Take the 2-minute tour ×
Stack Overflow is a question and answer site for professional and enthusiast programmers. It's 100% free, no registration required.

I am looking for a good memory pool implementation in C.

it should include the following:

  1. Anti fragmentation.
  2. Be super fast :)
  3. Ability to "bundle" several allocations from different sizes under some identifier and delete all the allocations with the given identifier.
  4. Thread safe
share|improve this question
Do you mean you would like to find a library with these properties? Or information on how to implement it yourself? –  Giorgio Aug 15 '11 at 0:25
I'd like to find library with these properties :) –  Avi Zrachya Aug 15 '11 at 0:29
Are you restricted to C or can ou also use C++ ? –  Nicolas Guillaume Aug 15 '11 at 0:33
Are you sure you need anything like this? Have you identified a problem with the OS/compiler-supplied memory-management tools? –  Jonathan Grynspan Aug 15 '11 at 2:22

3 Answers 3

I think the excellent talloc, developed as part of samba might be what you're looking for. The part I find most interesting is that any pointer returned from talloc is a valid memory context. Their example is:

struct foo *X = talloc(mem_ctx, struct foo);
X->name = talloc_strdup(X, "foo");
// ...
talloc_free(X); // frees memory for both X and X->name

In response to your particular points:

(1) Not sure what anti-fragmentation is in this case. In C you're not going to get compacting garbage collection anyway, so I think your choices are somewhat limited.

(2) It advertises being only 4% slower than plain malloc(3), which is quite fast.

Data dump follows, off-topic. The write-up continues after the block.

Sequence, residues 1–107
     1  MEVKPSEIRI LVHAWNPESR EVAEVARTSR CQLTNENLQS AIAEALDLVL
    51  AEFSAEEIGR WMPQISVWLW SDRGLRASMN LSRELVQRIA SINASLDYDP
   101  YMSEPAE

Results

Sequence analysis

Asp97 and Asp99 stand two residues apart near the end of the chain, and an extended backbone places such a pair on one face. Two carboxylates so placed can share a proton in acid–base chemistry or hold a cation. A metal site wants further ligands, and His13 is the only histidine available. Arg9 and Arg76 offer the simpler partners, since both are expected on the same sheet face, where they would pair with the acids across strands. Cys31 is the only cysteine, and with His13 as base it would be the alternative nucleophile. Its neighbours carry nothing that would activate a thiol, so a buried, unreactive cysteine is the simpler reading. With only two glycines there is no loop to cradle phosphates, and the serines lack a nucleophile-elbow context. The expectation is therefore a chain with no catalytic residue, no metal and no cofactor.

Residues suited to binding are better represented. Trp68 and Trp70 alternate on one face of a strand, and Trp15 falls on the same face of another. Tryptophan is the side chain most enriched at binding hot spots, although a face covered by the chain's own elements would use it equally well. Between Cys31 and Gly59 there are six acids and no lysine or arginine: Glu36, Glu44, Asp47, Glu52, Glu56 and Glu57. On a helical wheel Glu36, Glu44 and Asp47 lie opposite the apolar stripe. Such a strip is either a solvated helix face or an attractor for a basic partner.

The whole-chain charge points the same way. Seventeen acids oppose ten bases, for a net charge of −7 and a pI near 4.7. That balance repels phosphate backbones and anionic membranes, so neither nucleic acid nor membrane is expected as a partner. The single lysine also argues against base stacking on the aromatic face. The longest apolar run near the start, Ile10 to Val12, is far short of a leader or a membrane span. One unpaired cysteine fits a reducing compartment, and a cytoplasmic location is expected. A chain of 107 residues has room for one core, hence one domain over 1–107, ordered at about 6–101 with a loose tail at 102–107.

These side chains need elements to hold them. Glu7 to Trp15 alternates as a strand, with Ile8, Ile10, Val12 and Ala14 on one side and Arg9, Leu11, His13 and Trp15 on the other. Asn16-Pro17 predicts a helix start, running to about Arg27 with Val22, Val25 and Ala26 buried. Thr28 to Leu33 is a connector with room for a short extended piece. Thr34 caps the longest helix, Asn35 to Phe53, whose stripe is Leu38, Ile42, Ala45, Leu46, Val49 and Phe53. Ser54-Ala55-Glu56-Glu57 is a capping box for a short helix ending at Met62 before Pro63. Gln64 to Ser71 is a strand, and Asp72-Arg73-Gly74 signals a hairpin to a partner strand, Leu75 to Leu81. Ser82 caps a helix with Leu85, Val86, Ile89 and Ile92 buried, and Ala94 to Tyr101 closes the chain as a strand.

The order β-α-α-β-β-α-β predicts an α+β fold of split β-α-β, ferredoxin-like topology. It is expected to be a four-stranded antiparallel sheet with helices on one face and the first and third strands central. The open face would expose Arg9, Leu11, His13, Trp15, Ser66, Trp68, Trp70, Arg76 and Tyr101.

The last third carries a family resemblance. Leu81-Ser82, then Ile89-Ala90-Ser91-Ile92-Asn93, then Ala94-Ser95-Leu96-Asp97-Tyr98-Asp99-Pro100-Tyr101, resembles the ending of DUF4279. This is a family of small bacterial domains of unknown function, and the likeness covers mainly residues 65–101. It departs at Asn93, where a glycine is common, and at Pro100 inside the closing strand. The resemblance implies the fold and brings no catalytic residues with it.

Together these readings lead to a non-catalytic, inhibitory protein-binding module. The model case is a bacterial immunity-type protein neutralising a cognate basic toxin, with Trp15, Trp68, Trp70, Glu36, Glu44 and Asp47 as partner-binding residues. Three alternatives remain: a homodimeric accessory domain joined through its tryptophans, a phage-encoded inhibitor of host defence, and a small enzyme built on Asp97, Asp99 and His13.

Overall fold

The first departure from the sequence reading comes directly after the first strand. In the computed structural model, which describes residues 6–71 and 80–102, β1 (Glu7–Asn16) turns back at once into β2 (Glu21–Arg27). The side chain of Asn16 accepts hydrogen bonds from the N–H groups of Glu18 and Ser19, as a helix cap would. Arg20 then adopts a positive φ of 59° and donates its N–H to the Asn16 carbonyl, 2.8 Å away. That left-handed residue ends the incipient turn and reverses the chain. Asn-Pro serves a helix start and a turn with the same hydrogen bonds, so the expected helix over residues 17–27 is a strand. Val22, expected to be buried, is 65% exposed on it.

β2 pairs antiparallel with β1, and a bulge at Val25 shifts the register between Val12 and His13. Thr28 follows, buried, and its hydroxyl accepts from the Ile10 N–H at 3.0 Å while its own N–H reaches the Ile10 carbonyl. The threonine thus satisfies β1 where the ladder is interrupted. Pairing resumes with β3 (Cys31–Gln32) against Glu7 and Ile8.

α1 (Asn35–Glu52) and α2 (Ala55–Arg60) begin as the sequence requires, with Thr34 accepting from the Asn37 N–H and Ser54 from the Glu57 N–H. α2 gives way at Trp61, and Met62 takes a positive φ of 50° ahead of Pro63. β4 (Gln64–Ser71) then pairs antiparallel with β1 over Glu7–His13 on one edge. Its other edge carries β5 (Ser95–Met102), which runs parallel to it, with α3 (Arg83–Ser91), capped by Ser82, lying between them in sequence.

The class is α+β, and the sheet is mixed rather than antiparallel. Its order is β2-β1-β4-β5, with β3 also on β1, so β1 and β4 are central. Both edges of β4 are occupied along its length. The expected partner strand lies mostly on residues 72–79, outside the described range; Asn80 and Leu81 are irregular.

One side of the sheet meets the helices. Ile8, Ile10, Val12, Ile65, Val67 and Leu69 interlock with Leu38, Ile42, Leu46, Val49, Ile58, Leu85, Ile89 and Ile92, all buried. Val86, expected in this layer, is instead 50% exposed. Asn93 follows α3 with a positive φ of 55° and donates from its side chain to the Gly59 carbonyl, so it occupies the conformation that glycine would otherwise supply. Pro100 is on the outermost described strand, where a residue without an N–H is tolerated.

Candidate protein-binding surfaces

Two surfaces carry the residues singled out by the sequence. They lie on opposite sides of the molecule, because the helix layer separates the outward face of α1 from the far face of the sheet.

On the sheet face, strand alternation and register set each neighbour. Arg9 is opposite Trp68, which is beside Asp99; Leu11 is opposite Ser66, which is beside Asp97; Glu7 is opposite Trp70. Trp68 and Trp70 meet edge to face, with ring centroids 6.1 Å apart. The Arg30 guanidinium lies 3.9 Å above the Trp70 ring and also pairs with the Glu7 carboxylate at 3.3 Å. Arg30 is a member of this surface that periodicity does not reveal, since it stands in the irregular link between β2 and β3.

(3) See example above.

(4) It is thread safe as long as different threads use different contexts & the underlying malloc is thread safe.

share|improve this answer
This is the closest to what i needed. i ended up with developing my own solution though, since it has very specific needs. i might publish it under opensource project. –  Avi Zrachya Aug 17 '11 at 15:30

Have you looked into

Both leverage a memory pool but keep it mostly transparent to the user.

In general, you will find best performance in your own custom memory pool (you can optimize for your pattern). I ended up writing a few for different access patterns.

share|improve this answer
As far as I can tell, that ned thing is just SEO spam... –  R.. Aug 15 '11 at 5:40
i thought they both basically ripped from dlmalloc :) –  Foo Bah Aug 15 '11 at 6:41

For memory pools that have been thoroughly tried and tested you may want to just use the APR ones:


Mind you, single pools are not thread safe, you'll have to handle that yourself.

share|improve this answer

Your Answer


By posting your answer, you agree to the privacy policy and terms of service.

Not the answer you're looking for? Browse other questions tagged or ask your own question.